Your Maternity Journey Vol. 9

Healthy Momma, Healthy Baby: Taking Care of Yourself After Baby Arrives

Someday you will look back on those first weeks home with your newborn and just remember the joy and wonder of caring for a brand new, tiny human. But those early weeks and months can be tough on new moms—physically, mentally, and emotionally. That’s why taking good care of your little one requires taking good care of yourself, too.

Get the help you need. Newborns are demanding! Don’t turn down help if you need it. Having someone clean, shop, make dinner, or do the laundry is a great relief, whether you’re recovering from a vaginal delivery or a C-section. That way, you can focus on caring for and getting to know your new baby.

Learn to say no. All kinds of well-meaning folks may call with the intention of dropping by to see the baby. If you’re feeling tired and overwhelmed and your place is a mess, you have every right to say no! Explain that you are exhausted and set up a time for a future visit when you can be rested and ready for company. Moreover, as long as we are in the COVID era, it’s best to keep visitors to a minimum and make sure they are vaccinated.

Don’t obsess about your weight. It’s normal to notice changes in your body. Your breast shape, hip width, clothing, and even shoe size may have changed. You will likely shed a few pounds by your first postpartum checkup. After that, most women still have some weight to go before returning to their pre-pregnancy weight. Be patient. Rapid weight loss can interfere with breastfeeding and chances are you will lose those extra pounds over time. Instead of dieting, focus on eating healthy and walking, and get back to exercising once your provider clears you to do so.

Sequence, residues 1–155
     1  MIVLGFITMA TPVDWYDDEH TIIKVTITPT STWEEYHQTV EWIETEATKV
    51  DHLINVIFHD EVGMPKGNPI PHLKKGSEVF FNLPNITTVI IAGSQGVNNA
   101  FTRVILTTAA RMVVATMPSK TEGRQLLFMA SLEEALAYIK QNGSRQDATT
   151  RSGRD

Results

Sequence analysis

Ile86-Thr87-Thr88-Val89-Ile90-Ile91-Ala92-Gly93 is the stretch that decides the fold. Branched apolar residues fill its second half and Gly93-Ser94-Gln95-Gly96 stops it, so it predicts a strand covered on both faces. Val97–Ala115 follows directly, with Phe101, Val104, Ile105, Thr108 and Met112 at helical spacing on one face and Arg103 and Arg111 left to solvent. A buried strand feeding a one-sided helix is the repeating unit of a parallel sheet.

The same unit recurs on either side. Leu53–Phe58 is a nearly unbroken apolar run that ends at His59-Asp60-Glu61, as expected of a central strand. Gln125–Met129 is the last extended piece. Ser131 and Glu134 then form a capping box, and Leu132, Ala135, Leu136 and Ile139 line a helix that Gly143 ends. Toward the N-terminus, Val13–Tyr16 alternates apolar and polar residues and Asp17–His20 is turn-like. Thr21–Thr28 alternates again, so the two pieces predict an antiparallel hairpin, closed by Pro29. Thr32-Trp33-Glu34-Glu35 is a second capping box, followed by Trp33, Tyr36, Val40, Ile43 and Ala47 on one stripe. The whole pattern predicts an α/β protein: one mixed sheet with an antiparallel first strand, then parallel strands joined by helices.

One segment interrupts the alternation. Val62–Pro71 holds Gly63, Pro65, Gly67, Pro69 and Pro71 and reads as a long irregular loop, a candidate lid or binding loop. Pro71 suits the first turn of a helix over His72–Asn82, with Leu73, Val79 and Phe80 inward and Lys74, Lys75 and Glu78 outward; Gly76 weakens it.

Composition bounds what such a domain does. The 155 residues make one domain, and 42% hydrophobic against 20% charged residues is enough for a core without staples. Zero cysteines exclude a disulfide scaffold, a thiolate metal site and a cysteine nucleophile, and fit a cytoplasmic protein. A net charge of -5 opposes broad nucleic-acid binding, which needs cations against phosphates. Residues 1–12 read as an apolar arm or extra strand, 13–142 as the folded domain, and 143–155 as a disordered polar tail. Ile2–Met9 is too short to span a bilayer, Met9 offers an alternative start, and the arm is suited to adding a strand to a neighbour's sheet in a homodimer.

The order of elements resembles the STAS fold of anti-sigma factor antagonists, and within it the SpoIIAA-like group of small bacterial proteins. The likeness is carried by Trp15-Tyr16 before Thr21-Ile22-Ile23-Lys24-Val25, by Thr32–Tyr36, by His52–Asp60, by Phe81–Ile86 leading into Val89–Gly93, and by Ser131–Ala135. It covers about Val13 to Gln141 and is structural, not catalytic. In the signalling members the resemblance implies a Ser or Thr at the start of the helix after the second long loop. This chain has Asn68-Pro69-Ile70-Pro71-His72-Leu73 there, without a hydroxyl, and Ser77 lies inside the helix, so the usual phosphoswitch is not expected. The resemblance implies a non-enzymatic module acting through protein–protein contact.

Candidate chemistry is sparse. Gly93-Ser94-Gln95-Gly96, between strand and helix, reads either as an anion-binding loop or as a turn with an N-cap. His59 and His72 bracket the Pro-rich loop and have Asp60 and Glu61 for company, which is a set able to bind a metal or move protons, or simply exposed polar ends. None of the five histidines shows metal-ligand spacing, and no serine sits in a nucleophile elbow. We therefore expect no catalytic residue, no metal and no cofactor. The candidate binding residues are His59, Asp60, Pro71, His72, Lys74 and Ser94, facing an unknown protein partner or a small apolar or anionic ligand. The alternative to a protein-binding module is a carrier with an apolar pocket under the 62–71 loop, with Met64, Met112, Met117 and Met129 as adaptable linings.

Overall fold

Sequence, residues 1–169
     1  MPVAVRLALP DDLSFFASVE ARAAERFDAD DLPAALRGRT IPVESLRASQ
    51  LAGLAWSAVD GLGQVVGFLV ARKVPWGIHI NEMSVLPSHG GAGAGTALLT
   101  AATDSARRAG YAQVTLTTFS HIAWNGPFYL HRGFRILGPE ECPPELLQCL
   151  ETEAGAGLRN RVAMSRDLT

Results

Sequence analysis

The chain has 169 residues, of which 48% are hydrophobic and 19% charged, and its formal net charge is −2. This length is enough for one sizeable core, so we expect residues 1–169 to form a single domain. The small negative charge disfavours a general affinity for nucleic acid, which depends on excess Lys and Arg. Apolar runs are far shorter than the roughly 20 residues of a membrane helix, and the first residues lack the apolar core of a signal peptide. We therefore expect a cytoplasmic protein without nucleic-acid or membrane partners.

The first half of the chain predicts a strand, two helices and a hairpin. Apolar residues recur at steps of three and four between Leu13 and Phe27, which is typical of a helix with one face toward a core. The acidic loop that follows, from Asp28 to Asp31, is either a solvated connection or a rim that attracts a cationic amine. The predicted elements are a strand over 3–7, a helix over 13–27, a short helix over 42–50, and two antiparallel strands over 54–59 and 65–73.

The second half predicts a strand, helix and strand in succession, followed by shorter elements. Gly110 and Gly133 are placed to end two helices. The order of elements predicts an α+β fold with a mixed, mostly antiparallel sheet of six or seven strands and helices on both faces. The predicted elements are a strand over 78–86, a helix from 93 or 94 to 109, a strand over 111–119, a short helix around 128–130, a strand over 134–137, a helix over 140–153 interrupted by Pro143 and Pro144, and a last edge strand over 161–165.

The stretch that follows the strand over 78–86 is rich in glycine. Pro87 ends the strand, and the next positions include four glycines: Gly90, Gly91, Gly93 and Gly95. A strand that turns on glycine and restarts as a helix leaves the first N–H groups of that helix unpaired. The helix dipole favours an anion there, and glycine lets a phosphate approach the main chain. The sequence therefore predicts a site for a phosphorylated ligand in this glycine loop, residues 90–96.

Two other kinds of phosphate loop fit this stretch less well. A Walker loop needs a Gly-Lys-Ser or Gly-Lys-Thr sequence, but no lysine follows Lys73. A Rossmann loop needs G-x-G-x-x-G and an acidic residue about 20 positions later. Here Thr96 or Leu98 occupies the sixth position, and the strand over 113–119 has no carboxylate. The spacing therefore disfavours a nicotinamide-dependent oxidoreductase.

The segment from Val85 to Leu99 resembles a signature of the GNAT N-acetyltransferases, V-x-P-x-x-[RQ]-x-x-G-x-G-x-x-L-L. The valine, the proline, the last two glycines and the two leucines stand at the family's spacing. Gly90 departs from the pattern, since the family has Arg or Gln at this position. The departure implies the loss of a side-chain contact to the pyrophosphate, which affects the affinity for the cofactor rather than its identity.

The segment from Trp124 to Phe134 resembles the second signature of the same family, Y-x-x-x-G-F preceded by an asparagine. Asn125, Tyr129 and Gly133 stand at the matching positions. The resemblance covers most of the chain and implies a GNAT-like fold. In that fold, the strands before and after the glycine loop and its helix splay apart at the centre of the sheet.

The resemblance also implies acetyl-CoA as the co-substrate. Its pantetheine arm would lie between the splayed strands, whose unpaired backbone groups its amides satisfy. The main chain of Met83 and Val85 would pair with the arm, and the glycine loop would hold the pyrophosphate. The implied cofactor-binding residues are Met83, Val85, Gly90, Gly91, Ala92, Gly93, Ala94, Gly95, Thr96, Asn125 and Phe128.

Focus on nutrition. The CDC recommends that breastfeeding moms consume 330-400 extra calories each day. Make sure you get plenty of protein from eggs, lean meats, dairy, beans, and lentils, as well as seafood that’s low in mercury (see below). Choose foods rich in iron and calcium and be sure to get your vitamin C to help you absorb the iron. Drink when you’re thirsty and stay hydrated; if your urine is a dark yellow that’s a sign you need to drink more water. Stay away from diet soda and sweetened iced tea and soda. Choose healthy, nutrient rich snacks, such as yogurt, whole grain bread, peanut butter, fresh fruit, or raisins and nuts. Don’t toss out your prenatal vitamins just yet­. Keep taking them while you are breastfeeding. If you are a vegan or vegetarian, ask your healthcare provider about taking B-12 supplements.

Prioritize Self-Care

There may be days when it feels impossible to even fit in a shower, let alone style your hair, but try to carve out a few minutes each day just for yourself. Make the time to focus on something you love—spend time in your garden with baby in a carrier, fit in a yoga class during a nap, or watch your favorite guilty-pleasure show while breastfeeding—anything you can look forward to counts. Simple acts of self-care can feel indulgent, but nurturing your soul will ultimately help you nurture your new baby.